FAQs

Is alternative vote used elsewhere?
Yes, every Australian uses alternative votes to elect their MPs, and a royal commission in Britain recently recommended it to elect their politicians. A number of nations use it to elect their presidents, and dozens of cities including London, San Francisco and Oakland use it to elect their mayors. Both the federal Conservatives and Liberals use it already to select their leaders and many parties use it already to choose their candidates.  
A number of small nations including Papau New Guinea have also moved towards the alternative vote in order to encourage cooperatiom between diverse ethnic parties, and as a result of the change, election violence was dramatically reduced.
 
Does this benefit left or right wing parties?
Neither.
Conservatives may remember the years when the Reform and Progressive Conservative voters split the vote. Liberals have the same problem sometimes with the NDP and the Greens. With alternative vote, voters can vote without having to compromise their values. This also means that parties can spend more time promoting their values than relying on fear to maintain their presence. Parties could agree to work together, but voters would still have the final say.
Does it require computers?
No. You count them by hand. It usually only takes a few minutes longer to count as the last place candidates are eliminated and elections officials will then add their votes to other candidates.
Is alternative voting complicated?
No. You can list a single candidate if you want, but if you have a second choice and your first choice does not count, your vote can go to your second choice.
Does it increase the number of politicians?
No. AV will gives voters more choices on the ballot, but voters still only pay for the same number of politicians.
Will the ballots be longer?
Perhaps. More independents may run, but voters can still look for the party names and choose the candidate who they like the most.
Does alternative voting help smaller parties like proportional representation?
Choice voting eliminates barriers such as strategic voting and allows voters to support independents or new parties without wasting their vote.  This increases competition and may help protest or issue based candidates.  However, the standard alternative voting model is not proportional and parties still have to run candidates who can appeal to over half their community.
However, alternative voting can also work in combination with a "parity vote" or "proportional additive member", in which a voter lists a candidate as well as a party. 
A more advanced version of the alternative voting, known as a single transferable vote, combines preferential ballots with multi-member ridings and can deliver proportionality.  However, it does add some complexity to the way votes are counted.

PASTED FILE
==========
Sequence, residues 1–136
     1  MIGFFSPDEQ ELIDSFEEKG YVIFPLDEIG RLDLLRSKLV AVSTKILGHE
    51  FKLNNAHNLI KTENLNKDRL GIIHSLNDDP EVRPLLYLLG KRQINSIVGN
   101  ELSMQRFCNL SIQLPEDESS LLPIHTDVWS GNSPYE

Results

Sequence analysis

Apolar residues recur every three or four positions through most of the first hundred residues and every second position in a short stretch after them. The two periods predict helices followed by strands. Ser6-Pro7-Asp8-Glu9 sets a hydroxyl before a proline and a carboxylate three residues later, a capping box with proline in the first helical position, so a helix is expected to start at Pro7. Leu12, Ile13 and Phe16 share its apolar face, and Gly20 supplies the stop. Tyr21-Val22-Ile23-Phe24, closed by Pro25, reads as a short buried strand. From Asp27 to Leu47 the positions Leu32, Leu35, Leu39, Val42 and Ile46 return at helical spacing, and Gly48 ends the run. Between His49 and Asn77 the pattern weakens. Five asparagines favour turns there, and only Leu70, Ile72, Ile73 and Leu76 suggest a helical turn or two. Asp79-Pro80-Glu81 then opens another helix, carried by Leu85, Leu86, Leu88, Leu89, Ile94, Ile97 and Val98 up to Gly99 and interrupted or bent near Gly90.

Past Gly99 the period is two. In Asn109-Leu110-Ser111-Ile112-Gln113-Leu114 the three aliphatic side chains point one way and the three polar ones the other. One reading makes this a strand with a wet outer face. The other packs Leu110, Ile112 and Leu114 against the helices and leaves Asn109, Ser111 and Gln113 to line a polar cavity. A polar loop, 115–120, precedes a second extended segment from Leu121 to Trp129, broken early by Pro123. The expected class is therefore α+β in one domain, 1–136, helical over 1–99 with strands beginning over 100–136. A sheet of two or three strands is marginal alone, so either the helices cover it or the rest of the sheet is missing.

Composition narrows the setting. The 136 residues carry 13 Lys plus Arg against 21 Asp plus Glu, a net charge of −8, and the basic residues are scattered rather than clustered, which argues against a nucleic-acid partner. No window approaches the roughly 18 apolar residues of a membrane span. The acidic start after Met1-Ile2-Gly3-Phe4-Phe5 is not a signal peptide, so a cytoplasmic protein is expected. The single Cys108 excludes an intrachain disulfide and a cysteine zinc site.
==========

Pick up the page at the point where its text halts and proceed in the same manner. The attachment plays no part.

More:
Are there better systems out there that we should wait for?
There are a lot of problems with our democracy, such of lack of fairness, distorted results, disconnect between MLAs and voters, and a lot of ideas on how to solve them. Some of them require major changes, such as various proportional systems or direct democracy, which often receive resistance from voters and politicians who benefit from the current system or prefer strong majorities.
Three referendums to bring in proportional representation at the provincial level in Canada have fallen short in the past decade, mainly because some voters felt uncertain about the proposals or had issues with some elements of them. The alternative vote will make it easier for voters to express themselves, and may elect some new voices to the legislature, while keeping the local representation that voters are familiar with.
Some of the more advanced counting systems promoted by political scientists requires computers to count the votes (such as condorcet or transferable votes) and would require major changes. Other systems allow voters to vote directly for a party and provide them with additional seats to make sure their seat count is accurate. The alternative vote can be modified in the future, if the public is ready, to incorporate some of these additions while eliminating many of the major problems in the interim.
Does anyone oppose alternative vote?
Unless someone believes that strategic voting and vote splitting are essential to our democracy, or that voters do not deserve choice, there are few critics that are strongly against it. Some politicians, who have run negative campaigns in the past, may be afraid that voters will now be tempted to vote for someone else. If they come out against choice voting, they must be really afraid of competition. Others, who strongly support proportional voting may feel that the alternative vote does not go far enough to fix enough problems and may oppose any system that is not proportional.  However, most people agree that alternative vote does fix significant problems and can be easily modified to increase proportionality in the future.